What I love about Baltimore is that your high school is more important than your college. The question, “Where did you go to school?” is not about ivy league universities, but names equally powerful – the cadre of independent Baltimore schools both inside and outside the city. From Kindergarten through 12th grade and beyond, your school is important. And for those looking at Kindergarten for the first time, it can be daunting. What if you like your rival school better than your alma mater? Or worse, what if everyone in your neighborhood sends their children to the local public school – and you have other plans in mind?
Having worked in the independent school world for more than 15 years, many of them in Baltimore with Kindergarten applicants, here is my advice.
- Look around you: Think of children you know and like. Children of friends, children of relatives, or children of colleagues. What qualities draw you to them? Are they bright, enthusiastic, polite, and excited about school, music, sports? Find out where they go to school.
- Turn to the internet: With this information in mind, make a preliminary list of schools you might want to look at, and start by reviewing their websites.
- Pick up the phone: Call and ask about their Kindergarten and beyond, and be sure to ask what differentiates them from their competitors. The person you speak with should be knowledgeable, welcoming and clear, and you should have a tour scheduled before you get off the phone.
- Take the tour: When you tour an independent school, be sure to get into the classrooms. Do they feel right, are they clean, and are the students happy; can they tell you about what they are learning? Is there a sense of mutual respect?
- Reassess your priorities: Once you have seen several independent schools and Kindergarten classrooms, think again about exactly what you want for your child. A few things to keep in mind are teacher qualifications, the balance between teacher-directed learning and student-directed learning, diversity, commitment to global education, communication between parents and teachers, outdoor play spaces, frequency of Physical Education, music, art, science and STEM classes, before and after care, cost, and availability of financial aid.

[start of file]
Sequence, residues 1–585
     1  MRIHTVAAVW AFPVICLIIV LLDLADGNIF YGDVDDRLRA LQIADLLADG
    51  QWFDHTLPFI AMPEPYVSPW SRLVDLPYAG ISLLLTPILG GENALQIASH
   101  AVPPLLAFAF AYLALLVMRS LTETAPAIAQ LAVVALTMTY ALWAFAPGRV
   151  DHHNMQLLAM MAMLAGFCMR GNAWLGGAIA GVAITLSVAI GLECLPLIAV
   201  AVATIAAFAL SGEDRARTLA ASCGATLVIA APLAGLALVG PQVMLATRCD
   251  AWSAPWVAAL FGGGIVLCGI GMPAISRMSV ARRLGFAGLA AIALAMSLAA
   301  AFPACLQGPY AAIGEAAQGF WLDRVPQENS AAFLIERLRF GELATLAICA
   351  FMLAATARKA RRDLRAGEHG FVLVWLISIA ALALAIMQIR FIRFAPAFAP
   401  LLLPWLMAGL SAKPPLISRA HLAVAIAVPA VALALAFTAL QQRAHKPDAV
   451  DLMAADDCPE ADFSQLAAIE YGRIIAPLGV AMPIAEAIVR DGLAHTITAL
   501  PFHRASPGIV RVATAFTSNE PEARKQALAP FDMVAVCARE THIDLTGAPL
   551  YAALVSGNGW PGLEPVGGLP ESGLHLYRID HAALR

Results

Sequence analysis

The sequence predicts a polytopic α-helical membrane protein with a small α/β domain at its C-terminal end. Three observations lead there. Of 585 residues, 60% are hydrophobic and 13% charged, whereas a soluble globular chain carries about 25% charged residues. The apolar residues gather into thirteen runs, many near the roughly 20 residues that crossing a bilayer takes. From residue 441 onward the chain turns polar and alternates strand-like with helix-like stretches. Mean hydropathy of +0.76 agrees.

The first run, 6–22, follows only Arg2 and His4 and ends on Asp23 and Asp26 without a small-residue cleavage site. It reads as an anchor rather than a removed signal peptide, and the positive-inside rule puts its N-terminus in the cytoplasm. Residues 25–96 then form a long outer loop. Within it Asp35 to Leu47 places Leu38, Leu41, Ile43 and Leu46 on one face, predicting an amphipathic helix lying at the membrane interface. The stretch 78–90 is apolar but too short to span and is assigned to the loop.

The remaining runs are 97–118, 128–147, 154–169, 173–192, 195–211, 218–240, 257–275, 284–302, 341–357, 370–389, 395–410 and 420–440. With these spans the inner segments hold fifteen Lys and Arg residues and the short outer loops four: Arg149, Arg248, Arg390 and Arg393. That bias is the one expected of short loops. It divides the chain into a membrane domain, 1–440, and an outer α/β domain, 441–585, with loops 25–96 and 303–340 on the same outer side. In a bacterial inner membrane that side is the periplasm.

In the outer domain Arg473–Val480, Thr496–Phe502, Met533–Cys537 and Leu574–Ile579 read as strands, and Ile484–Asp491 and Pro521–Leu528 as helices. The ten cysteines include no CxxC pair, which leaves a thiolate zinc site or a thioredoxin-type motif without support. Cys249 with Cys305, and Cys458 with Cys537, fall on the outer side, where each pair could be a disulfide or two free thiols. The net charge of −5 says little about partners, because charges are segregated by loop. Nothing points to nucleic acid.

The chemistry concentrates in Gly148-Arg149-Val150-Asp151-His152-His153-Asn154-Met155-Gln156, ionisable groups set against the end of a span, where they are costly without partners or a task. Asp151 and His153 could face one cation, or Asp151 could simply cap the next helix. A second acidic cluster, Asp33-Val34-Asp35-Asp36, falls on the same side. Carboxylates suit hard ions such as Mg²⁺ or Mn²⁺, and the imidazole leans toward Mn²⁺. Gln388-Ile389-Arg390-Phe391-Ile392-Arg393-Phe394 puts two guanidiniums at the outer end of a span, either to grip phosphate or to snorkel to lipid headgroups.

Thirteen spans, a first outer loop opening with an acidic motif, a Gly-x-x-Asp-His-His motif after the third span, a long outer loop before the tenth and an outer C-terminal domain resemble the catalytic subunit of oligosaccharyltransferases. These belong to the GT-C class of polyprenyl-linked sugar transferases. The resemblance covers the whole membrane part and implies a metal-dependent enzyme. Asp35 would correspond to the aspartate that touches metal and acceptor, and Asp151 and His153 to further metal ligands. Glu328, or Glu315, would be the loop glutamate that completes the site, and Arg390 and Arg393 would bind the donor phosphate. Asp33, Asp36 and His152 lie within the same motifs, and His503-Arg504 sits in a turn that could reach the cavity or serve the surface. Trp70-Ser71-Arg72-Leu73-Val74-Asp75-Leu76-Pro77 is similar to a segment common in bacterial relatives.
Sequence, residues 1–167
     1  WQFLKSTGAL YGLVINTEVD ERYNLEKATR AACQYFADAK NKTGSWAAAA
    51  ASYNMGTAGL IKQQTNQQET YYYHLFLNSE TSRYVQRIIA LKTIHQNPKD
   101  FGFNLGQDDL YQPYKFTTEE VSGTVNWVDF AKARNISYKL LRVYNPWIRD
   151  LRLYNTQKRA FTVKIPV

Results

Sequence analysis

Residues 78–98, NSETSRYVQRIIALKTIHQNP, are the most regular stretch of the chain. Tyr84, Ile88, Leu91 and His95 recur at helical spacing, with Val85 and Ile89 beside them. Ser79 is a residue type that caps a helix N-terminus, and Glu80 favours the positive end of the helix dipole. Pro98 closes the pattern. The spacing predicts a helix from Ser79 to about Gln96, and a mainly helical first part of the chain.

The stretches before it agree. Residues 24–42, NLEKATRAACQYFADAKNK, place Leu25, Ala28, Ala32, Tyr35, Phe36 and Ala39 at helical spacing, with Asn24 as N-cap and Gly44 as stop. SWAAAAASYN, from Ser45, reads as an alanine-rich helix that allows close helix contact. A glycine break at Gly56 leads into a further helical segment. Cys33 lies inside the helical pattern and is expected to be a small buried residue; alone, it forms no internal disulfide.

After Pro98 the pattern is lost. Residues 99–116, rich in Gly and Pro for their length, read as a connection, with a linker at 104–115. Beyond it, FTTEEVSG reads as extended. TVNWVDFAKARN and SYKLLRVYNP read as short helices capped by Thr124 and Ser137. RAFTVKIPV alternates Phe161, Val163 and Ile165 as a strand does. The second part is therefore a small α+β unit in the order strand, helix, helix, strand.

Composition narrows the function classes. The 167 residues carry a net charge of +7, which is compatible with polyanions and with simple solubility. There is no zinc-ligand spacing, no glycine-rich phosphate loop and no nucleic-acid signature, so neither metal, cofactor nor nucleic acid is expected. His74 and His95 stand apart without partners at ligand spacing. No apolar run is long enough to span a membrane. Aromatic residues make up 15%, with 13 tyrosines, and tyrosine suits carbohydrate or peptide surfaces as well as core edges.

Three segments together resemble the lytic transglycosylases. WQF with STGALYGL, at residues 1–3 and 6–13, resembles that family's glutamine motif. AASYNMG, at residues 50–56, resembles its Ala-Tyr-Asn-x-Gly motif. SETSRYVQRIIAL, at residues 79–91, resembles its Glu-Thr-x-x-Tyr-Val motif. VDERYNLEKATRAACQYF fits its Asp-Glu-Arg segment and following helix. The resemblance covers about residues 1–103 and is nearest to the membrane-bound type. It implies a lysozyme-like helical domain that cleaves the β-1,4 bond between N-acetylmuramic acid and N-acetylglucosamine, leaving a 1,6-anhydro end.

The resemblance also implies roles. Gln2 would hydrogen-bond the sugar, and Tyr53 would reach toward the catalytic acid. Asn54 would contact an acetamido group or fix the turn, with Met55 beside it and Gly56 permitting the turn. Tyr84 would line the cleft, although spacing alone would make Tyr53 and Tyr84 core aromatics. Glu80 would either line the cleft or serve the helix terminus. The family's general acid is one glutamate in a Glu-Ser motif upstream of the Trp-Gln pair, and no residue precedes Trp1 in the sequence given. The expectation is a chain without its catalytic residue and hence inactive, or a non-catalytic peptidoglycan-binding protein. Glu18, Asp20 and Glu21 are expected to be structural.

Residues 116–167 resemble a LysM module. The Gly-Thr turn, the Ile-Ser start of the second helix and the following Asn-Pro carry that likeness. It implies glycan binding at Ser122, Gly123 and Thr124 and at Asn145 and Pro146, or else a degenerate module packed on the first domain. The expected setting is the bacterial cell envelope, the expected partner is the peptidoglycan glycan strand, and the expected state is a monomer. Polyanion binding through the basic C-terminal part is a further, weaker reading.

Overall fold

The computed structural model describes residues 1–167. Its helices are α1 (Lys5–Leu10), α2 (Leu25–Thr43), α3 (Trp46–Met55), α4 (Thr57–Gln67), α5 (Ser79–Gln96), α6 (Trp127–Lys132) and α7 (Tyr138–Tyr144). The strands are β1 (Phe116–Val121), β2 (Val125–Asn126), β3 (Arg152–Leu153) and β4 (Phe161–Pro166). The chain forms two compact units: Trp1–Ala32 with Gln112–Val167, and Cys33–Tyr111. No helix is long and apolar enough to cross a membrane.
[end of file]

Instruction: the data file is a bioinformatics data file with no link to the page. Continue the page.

- Narrow down your options: Choose two (maybe three) schools and submit applications. Schedule visits for your child at each school and ask your pre-school teacher to complete the Common Referral form for each school you apply to.
- Prepare for the visits: Take a weekend drive onto the campus of each school your child will visit, and explain that everyone who goes to school has a chance to “practice” at that school before they enroll. Talk about the new friends they will meet during their practice visit, about the new teachers they will work with, and about the new things they will learn. Encourage them to think about sharing their experiences later with their teacher and classmates.
- Do NOT agonize: As long as you are hearing good things from your current pre-school, do not torture yourself by imagining the worst as you go through this process. If you are visibly worried, your child will carry that anxiety into the school visit. If you are unusually effusive, your child will probably withdraw and be reluctant to stay, wherever you take him. Show your child the confidence she deserves.
- Listen: Ask for feedback from your child’s visit day and then listen. Often Admissions Directors are happy to share details, and you should be satisfied that the child they got to know is the same child that you know and love.
- Revisit and decide: Once your child has been accepted to the schools on your list, go back for another visit. Ask for a tour with a Middle or Upper School student. Don’t be shy about asking for a list of college acceptances. You can even ask to talk with a current family to get the insider’s view. And, go back to those priorities you put together at the beginning of the process to see how your ultimate school choice matches up with your original list.
It is really not so hard to find a school for your 4 or 5 year old – the hard part comes (for you) when they go off and start spending all their days there! But if you have done your homework, the best things that can happen at an independent lower school will become part of your family life, and soon your child will be following three-step directions, singing new songs, and telling you they can do “it” on their own.